Words cannot describe the lack of humanity displayed by the Philippine National Police these past few days in the case of political prisoner Reina Mae Nasino and her three-month old daughter, River Emmanuelle.
River passed away on October 9 due to lung failure following a bacterial infection and pneumonia. Her story followed that of her mother, a community organizer and activist who was arrested last November 2019 on trumped up charges of illegal possession of firearms and explosives.
Since River’s passing, the police and the courts have tried their very best to further aggrieve an already grieving mother. Reina Mae’s request for a three-day furlough was contested by the Bureau of Jail Management and Penology, which pared it down to a six-hour period over a “lack of personnel.”
Fears of a “lack of personnel” were assuaged when Reina Mae was escorted to La Funeraria Rey in Pandacan, Manila by dozens of cops. The police guarded her as if their lives depended on it, swatting away journalists and legal counsel from speaking to her.
What was supposed to be a quiet moment of solace turned into hell on earth. Cops wouldn’t even let her finish her visit before no less than 47 officers whisked her back to her jail cell.
But no day was as craven as October 16, when River was laid to rest. Hours before the procession, police officers swarmed the funeral parlor and blocked guests from entering. Cops then stole the coffin as it was being brought out and hurriedly took it to the Manila North Cemetery to be buried.
This wouldn’t even be the first time the police decided to desecrate and hijack the body of their murder victim. Last August, police officers stole the remains of Randy Echanis from his grieving family and held them hostage during the funeral. For the longest time, human rights groups have repeatedly reported accounts of police officers denying families of extrajudicial killings from seeing their loved ones, only for them to find the remains buried in some ditch.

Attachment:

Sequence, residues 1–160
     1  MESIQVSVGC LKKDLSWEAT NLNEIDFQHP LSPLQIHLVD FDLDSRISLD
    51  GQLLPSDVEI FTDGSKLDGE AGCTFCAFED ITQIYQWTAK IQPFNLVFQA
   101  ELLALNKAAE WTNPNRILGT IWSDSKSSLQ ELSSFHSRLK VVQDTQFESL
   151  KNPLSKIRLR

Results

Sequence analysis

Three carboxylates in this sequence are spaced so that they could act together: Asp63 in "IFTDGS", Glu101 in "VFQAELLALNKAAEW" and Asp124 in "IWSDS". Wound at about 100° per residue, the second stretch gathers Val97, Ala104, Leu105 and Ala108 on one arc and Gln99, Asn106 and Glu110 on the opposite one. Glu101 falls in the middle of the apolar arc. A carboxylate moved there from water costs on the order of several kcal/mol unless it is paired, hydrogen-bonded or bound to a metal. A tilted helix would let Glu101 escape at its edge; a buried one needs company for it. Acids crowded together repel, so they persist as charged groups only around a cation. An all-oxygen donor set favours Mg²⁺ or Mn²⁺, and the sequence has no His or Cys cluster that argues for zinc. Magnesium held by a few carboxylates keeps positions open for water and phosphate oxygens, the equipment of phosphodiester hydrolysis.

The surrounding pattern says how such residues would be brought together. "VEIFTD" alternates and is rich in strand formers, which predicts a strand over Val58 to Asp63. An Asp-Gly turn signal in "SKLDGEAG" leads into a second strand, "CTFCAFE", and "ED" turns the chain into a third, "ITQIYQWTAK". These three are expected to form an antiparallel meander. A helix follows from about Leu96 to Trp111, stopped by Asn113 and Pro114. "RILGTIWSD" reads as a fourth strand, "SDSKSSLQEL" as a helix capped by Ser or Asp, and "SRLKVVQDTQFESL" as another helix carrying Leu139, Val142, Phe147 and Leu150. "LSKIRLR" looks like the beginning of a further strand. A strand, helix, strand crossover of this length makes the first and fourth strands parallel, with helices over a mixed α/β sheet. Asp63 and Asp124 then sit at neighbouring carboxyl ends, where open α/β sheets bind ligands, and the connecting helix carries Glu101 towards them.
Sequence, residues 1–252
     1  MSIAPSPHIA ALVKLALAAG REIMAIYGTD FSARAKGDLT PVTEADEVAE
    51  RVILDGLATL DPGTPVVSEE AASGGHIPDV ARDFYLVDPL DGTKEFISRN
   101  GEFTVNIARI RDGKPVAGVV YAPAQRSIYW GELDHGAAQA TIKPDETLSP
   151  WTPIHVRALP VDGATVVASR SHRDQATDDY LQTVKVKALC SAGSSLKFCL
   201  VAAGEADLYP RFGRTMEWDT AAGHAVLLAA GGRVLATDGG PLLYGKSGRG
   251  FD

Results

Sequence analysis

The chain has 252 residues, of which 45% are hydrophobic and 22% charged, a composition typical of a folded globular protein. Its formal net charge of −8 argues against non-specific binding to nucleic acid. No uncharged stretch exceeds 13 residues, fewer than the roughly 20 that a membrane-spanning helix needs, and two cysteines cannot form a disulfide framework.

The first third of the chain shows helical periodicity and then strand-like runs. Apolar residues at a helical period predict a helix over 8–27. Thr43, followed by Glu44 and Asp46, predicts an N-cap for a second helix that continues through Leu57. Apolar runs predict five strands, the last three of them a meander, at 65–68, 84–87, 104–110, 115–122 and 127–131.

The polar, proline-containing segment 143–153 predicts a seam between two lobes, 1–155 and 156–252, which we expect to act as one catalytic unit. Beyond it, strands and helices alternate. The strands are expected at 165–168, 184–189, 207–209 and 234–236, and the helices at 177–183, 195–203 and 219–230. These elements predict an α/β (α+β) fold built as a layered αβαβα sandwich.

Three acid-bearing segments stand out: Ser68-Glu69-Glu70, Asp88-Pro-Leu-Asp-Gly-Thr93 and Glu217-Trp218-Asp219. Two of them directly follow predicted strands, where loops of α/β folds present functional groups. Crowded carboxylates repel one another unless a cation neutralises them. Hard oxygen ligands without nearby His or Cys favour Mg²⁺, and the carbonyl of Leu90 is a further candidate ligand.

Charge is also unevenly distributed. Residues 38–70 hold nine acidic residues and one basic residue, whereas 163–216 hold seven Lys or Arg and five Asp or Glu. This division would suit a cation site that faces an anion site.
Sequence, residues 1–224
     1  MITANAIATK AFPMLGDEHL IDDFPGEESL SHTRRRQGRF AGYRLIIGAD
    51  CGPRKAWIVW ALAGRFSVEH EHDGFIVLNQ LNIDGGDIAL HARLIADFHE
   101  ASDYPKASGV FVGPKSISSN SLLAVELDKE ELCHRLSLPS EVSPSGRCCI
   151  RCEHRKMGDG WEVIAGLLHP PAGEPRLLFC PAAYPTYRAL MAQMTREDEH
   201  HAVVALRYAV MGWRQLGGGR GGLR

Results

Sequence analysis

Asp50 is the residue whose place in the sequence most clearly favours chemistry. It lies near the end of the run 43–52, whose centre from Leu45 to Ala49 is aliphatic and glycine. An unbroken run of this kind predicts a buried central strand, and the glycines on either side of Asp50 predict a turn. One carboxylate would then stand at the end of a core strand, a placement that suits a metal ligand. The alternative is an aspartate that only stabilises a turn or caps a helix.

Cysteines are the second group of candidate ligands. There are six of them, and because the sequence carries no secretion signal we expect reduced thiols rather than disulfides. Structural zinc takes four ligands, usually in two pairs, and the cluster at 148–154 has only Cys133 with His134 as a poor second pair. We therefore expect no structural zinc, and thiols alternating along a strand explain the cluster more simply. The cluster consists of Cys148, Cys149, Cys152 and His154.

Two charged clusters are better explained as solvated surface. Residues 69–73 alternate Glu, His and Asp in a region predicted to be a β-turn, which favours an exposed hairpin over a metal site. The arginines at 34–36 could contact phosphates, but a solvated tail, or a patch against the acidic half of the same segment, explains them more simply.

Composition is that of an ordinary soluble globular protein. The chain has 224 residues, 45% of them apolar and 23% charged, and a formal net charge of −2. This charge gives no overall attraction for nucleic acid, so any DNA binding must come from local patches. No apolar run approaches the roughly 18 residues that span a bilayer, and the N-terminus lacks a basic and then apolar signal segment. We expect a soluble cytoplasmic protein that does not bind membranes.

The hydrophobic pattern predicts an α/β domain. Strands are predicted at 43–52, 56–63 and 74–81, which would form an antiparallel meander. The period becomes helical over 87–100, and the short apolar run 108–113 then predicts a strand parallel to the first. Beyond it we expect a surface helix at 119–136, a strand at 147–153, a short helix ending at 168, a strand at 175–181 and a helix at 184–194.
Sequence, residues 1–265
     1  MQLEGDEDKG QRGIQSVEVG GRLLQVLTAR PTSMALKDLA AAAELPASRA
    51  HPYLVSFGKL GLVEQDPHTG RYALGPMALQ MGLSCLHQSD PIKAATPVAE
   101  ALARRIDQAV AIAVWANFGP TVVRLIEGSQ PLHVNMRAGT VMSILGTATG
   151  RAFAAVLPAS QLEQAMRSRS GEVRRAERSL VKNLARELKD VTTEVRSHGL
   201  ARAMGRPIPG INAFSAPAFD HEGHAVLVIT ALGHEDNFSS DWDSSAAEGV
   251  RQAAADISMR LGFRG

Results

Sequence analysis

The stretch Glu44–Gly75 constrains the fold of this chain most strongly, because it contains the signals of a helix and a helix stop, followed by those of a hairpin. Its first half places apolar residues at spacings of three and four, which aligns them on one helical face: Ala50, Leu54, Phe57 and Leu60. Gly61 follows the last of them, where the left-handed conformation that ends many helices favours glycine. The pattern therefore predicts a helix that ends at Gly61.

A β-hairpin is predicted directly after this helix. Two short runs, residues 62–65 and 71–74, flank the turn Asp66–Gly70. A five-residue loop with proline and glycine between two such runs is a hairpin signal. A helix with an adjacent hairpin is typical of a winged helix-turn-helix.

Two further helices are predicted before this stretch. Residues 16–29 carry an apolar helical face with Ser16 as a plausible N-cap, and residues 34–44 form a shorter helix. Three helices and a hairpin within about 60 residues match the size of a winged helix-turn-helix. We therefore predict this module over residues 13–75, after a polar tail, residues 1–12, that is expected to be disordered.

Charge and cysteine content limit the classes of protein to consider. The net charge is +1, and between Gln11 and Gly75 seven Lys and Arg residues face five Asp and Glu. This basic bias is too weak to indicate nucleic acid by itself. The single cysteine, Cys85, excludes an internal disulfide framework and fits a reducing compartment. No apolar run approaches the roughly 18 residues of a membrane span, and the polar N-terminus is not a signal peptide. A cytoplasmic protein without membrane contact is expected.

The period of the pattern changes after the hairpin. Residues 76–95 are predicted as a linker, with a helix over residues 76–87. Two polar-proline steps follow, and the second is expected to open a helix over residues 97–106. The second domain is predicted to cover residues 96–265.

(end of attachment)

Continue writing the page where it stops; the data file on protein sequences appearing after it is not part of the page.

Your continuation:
This is not how functional democracies work. What the police and, ultimately, the Duterte government has proven is that it has zero interest in upholding the rights of its citizens. Instead, it is singularly focused on grinding all dissent into dust and silencing all critics.
No method is deemed too profane. Police will plant evidence, make up claims, lie, sue, and steal bodies if it means protecting their interests and those of the foreigners and businessmen they truly serve. The military will bomb communities, close down schools, and parade innocents as “surrendered NPA fighters” if it allows them to keep their image of being “people the Filipino people can trust.”
These are distractions meant to distort the truth – that the Filipino state is morally bankrupt and self-serving, that it is the will of the few landlords, businessmen, and foreign corporations that dictate national affairs, and that the price we pay is measured in the blood of the innocent.
What happened to River was nothing short of injustice. It is only fair for us to be outraged, to be consumed by sorrow and anger that such a thing could happen under the watch of more honest people. Indeed, it is the only correct response in trying times such as this. (READ: [EDITORIAL] Sino’ng pumatay kay baby River?)
But let us not keep our outrage impotent. Impunity persists when the masses fail to act. It is because of collective inaction that Duterte and his cohorts feel that they are free to curb our rights and intimidate us into subservience.
We must transform this collective outrage into collective action. Let us not forget our activist traditions. The history of the Philippines is the history of struggle between the oppressor and the oppressed, between the Filipino masses and the abusive elite.
Let us make history once more. All over the world, mass movements have risen in response to the outrage felt by the people. Philippine history has taught us that mass action is the most potent force in changing our society. Mass action birthed a revolution, ousted two Presidents, won us scores of rights for all sectors, and continues to be the strongest line of defense against full-blown tyranny.
If there is one time where mass action is needed, it is right now, at this very moment. Let every street, highway, and alley feel the collective rage brought about state injustice. Let our anger transform into action, and then into hope for a better future. – Rappler.com
Justin Umali is a writer and an activist from Laguna. He is a regular contributor for Esquire Philippines, and currently President of Kabataan Partylist Laguna.
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